A short review of Unidentified Flying Oddball (1979)

In 1979, Walt Disney Studios released a live-action film adaptation of the Mark Twain novel A Connecticut Yankee in King Arthur’s Court. The film is entitled Unidentified Flying Oddball. It follows the 1960s and 70s trajectory of the studio of making somewhat outlandish, semi-screwball family movies.

The story has two centres to begin with. One is the medieval court of King Arthur; Camelot and all the intrigue and treachery surrounding it. The other is NASA, and a scientist named Tom Trimble.

Tom has designed a humanoid robot, who looks exactly like him, Hermes. But when Tom blasts off instead of Hermes, and ends up travelling through time, the two worlds collide.

The mild mannered Tom is taken to King Arthur and presented as a curiosity, and must now deal with deception, double-dealing and much more rough treatment than he is accustomed to. Can Tom overcome the constraints of his own era to become the hero in the alien world of King Arthur?

The premise is as the title suggests: oddball. It feels flimsy, taking ideas like the Walt Disney approved That Darn Cat! and The Parent Trap into a whole other dimension. Perhaps a few steps too far into the ridiculous, and even a little too juvenile.

Of course, the basic underlying plot of a man out of his own time trying to bring some of the developments he knows and understands in order to help people from an earlier civilisation, is basically interesting. This has been used as a plot device in many other movies. In and of itself it can be compelling, and so it is in this case: perhaps in part due to its founding in Mark Twain’s own story.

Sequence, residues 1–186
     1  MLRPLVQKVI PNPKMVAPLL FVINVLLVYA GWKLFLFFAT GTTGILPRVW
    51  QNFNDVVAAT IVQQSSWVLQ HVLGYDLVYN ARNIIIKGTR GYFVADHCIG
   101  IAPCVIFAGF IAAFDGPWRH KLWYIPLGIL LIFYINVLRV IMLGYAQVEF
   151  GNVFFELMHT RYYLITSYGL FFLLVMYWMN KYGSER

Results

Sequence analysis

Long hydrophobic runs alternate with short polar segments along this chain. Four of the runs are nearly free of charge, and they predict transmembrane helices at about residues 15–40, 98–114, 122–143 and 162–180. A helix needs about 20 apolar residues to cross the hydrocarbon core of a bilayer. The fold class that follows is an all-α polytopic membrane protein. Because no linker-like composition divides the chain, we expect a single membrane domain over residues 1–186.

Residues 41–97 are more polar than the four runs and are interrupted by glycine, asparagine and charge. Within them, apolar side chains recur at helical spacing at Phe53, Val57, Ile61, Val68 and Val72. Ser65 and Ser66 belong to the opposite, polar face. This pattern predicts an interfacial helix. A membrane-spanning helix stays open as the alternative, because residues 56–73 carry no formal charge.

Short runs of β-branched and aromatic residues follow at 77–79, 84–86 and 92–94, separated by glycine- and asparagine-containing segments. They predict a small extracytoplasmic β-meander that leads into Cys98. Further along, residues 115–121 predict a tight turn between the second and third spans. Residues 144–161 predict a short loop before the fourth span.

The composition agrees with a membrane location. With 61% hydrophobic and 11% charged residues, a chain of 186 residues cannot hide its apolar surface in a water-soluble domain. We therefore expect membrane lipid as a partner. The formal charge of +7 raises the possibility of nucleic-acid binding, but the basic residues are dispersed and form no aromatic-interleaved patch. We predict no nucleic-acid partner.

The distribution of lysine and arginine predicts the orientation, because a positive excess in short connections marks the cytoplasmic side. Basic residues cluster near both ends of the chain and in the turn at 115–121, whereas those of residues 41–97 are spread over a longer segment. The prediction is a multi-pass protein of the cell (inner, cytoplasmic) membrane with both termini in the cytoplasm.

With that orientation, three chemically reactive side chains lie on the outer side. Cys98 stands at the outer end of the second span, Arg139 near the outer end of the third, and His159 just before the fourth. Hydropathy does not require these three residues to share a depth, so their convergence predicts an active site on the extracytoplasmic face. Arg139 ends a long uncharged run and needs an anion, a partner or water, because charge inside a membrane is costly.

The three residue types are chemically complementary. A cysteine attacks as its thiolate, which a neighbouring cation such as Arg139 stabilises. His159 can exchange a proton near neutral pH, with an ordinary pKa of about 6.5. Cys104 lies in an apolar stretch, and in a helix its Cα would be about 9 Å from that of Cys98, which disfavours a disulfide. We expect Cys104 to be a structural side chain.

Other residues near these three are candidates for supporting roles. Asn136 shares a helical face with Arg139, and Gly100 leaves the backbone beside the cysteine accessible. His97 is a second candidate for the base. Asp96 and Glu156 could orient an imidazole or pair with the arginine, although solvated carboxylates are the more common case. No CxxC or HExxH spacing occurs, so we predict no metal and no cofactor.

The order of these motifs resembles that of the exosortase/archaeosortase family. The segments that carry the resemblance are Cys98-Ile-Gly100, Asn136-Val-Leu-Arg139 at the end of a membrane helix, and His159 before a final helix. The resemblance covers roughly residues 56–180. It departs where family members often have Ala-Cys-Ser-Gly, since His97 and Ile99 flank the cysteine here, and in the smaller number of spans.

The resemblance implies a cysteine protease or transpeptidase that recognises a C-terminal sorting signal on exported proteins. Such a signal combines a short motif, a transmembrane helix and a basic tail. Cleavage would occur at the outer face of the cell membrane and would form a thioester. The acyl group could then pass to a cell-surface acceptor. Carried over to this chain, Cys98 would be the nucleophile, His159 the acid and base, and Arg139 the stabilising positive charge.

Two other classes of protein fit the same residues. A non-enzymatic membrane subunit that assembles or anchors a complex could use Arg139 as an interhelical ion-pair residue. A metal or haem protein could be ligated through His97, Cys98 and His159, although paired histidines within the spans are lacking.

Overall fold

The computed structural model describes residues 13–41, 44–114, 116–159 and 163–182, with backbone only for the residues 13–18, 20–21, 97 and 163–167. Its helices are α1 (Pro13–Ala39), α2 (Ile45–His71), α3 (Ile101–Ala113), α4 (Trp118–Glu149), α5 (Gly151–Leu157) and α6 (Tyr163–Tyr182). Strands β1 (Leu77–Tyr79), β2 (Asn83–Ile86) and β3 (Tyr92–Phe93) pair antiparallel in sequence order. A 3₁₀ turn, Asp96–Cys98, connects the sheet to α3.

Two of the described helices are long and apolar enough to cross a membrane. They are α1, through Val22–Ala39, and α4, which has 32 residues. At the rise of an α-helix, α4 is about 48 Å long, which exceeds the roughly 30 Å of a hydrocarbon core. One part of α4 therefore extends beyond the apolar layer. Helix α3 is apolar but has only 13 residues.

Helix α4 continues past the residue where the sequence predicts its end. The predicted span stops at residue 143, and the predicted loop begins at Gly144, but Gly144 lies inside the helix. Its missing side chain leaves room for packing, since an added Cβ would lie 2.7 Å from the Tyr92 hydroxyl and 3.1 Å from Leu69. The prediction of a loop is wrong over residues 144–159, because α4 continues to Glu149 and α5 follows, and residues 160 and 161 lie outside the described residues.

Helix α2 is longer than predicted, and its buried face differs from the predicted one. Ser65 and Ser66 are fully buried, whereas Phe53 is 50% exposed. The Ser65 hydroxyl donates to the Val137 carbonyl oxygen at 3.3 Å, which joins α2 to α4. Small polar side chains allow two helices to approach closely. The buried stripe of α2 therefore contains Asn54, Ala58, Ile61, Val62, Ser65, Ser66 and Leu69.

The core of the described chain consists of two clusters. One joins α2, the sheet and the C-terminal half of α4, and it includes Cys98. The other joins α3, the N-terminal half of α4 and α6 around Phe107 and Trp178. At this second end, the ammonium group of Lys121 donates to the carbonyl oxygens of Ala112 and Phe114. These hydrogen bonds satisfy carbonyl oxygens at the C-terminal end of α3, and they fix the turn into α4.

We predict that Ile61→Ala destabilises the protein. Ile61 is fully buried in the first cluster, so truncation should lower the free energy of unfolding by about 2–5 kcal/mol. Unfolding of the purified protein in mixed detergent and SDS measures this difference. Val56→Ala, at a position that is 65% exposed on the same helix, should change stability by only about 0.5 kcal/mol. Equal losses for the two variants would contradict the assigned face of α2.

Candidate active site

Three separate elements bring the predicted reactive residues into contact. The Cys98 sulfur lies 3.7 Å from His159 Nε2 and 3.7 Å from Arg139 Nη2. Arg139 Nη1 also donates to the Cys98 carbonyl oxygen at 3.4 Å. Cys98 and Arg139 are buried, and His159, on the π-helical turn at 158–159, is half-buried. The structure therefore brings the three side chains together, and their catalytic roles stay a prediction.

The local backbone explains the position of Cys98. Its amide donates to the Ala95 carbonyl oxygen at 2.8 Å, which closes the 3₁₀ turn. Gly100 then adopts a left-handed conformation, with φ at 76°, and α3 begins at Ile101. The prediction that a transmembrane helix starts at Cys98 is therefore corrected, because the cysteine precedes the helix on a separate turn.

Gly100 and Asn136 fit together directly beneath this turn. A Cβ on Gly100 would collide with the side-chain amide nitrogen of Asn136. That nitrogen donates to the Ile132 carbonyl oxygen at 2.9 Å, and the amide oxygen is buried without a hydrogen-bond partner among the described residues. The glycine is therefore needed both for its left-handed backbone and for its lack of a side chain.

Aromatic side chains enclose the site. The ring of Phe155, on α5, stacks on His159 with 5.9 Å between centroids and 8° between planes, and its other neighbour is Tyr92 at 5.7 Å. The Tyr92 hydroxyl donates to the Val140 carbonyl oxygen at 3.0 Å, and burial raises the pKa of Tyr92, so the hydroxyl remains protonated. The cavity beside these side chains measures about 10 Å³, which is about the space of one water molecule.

Whatever the execution may lack in finesse, is more than made up for by the impeccable cast which is largely made up of British actors. Legends of British cinema, stage and television are gathered in the roles of King Arthur (Kenneth More), Sir Mordred (Jim Dale), Merlin (Ron Moody), Sir Gawain (John Le Mesurier) and Clarence the servant (Rodney Bewes).

Dennis Dugan stars as Tom Trimble. He does a great job of playing the everyman American, so out of place among everyone else. Kenneth More brings a noble confusion to his King Arthur which is pleasing. As a British viewer, to see both the actor and character being respected, partaking in the comedy but not lampooned, is wonderful.

In fact, it begs the question: why was More not cast in earlier Disney pictures? It seems he would have fitted right in alongside Dean Jones and Hayley Mills, Keenan Wynn and Nancy Olson. More’s comic timing is impeccable and he is the perfect age to play such a distinguished role.

Jim Dale and Rodney Bewes only add to this, and the flawless John Le Mesurier is a delightful foil in his peak post-Sergeant-Wilson era.

Overall, this film is light-hearted, a little wacky but surprisingly compelling and definitely enjoyable. It could not be called cutting edge or innovative; it is recycling many conventions and plot devices. But it is the packaging that somehow just works.

The execution of the comedy and action which ensue from the slightly unbelievable set-ups is actually pretty impressive.

This is a film that can be enjoyed by the whole family. It takes certain elements perhaps further than Walt Disney himself would have. But in the end it does what he wanted movies to do: it entertains the whole family.

Unidentified Flying Oddball is available to stream on Disney Plus.

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